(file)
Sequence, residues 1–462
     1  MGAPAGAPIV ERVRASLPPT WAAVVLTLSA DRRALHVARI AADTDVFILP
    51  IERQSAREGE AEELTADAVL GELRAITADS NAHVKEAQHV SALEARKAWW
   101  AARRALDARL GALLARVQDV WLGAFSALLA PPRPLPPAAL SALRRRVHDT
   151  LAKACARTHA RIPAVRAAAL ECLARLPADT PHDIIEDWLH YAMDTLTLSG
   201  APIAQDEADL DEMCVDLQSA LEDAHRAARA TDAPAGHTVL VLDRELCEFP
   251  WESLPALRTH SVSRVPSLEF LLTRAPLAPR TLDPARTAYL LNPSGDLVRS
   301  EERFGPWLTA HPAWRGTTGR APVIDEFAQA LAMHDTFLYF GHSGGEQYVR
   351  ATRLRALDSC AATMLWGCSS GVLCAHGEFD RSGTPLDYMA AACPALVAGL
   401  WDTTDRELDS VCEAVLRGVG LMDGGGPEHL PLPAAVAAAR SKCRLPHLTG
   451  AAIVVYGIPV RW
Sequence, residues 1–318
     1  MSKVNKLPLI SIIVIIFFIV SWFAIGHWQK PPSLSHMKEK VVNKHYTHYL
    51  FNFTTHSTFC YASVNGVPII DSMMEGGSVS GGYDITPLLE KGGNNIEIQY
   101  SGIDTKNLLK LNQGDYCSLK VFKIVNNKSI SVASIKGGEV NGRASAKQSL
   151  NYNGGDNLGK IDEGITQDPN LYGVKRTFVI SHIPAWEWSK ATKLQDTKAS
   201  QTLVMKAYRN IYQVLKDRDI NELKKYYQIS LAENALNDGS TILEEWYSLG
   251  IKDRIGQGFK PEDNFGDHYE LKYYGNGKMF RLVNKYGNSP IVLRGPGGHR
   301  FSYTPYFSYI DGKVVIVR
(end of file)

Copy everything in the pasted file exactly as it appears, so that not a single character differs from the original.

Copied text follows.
Sequence, residues 1–462
     1  MGAPAGAPIV ERVRASLPPT WAAVVLTLSA DRRALHVARI AADTDVFILP
    51  IERQSAREGE AEELTADAVL GELRAITADS NAHVKEAQHV SALEARKAWW
   101  AARRALDARL GALLARVQDV WLGAFSALLA PPRPLPPAAL SALRRRVHDT
   151  LAKACARTHA RIPAVRAAAL ECLARLPADT PHDIIEDWLH YAMDTLTLSG
   201  APIAQDEADL DEMCVDLQSA LEDAHRAARA TDAPAGHTVL VLDRELCEFP
   251  WESLPALRTH SVSRVPSLEF LLTRAPLAPR TLDPARTAYL LNPSGDLVRS
   301  EERFGPWLTA HPAWRGTTGR APVIDEFAQA LAMHDTFLYF GHSGGEQYVR
   351  ATRLRALDSC AATMLWGCSS GVLCAHGEFD RSGTPLDYMA AACPALVAGL
   401  WDTTDRELDS VCEAVLRGVG LMDGGGPEHL PLPAAVAAAR SKCRLPHLTG
   451  AAIVVYGIPV RW
Sequence, residues 1–318
     1  MSKVNKLPLI SIIVIIFFIV SWFAIGHWQK PPSLSHMKEK VVNKHYTHYL
    51  FNFTTHSTFC YASVNGVPII DSMMEGGSVS GGYDITPLLE KGGNNIEIQY
   101  SGIDTKNLLK LNQGDYCSLK VFKIVNNKSI SVASIKGGEV NGRASAKQSL
   151  NYNGGDNLGK IDEGITQDPN LYGVKRTFVI SHIPAWEWSK ATKLQDTKAS
   201  QTLVMKAYRN IYQVLKDRDI NELKKYYQIS LAENALNDGS TILEEWYSLG
   251  IKDRIGQGFK PEDNFGDHYE LKYYGNGKMF RLVNKYGNSP IVLRGPGGHR
   301  FSYTPYFSYI DGKVVIVR